• Neuroimaging, genetic, clinical, and demographic predictors of treatment response in patients with social anxiety disorder
  • 2020
  • Ingår i: Journal of Affective Disorders. - : Elsevier. - 0165-0327 .- 1573-2517. ; 261, s. 230-237
  • Tidskriftsartikel (refereegranskat)abstract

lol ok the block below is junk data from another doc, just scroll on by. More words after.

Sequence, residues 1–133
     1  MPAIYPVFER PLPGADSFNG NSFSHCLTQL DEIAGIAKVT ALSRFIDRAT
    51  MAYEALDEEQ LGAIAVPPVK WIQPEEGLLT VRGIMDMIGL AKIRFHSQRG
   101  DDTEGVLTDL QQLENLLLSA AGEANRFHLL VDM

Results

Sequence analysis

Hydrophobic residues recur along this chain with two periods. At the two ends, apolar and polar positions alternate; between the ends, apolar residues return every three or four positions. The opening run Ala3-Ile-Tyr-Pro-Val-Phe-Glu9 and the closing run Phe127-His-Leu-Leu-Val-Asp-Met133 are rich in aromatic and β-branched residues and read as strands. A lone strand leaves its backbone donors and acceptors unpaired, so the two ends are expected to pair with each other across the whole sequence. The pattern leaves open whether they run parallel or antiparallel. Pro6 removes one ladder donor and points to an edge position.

• Background: Correct prediction of treatment response is a central goal of precision psychiatry. Here, we tested the predictive accuracy of a variety of pre-treatment patient characteristics, including clinical, demographic, molecular genetic, and neuroimaging markers, for treatment response in patients with social anxiety disorder (SAD). Methods: Forty-seven SAD patients (mean±SD age 33.9 ± 9.4 years, 24 women) were randomized and commenced 9 weeks’ Internet-delivered cognitive behavior therapy (CBT) combined either with the selective serotonin reuptake inhibitor (SSRI) escitalopram (20 mg daily [10 mg first week], SSRI+CBT, n = 24) or placebo (placebo+CBT, n = 23). Treatment responders were defined from the Clinical Global Impression-Improvement scale (CGI-I ≤ 2). Before treatment, patients underwent functional magnetic resonance imaging and the Multi-Source Interference Task taxing cognitive interference. Support vector machines (SVMs) were trained to separate responders from nonresponders based on pre-treatment neural reactivity in the dorsal anterior cingulate cortex (dACC), amygdala, and occipital cortex, as well as molecular genetic, demographic, and clinical data. SVM models were tested using leave-one-subject-out cross-validation. Results: The best model separated treatment responders (n = 24) from nonresponders based on pre-treatment dACC reactivity (83% accuracy, P = 0.001). Responders had greater pre-treatment dACC reactivity than nonresponders especially in the SSRI+CBT group. No other variable was associated with clinical response or added predictive accuracy to the dACC SVM model. Limitations: Small sample size, especially for genetic analyses. No replication or validation samples were available. Conclusions: The findings demonstrate that treatment outcome predictions based on neural cingulate activity, at the individual level, outperform genetic, demographic, and clinical variables for medication-assisted Internet-delivered CBT, supporting the use of neuroimaging in precision psychiatry.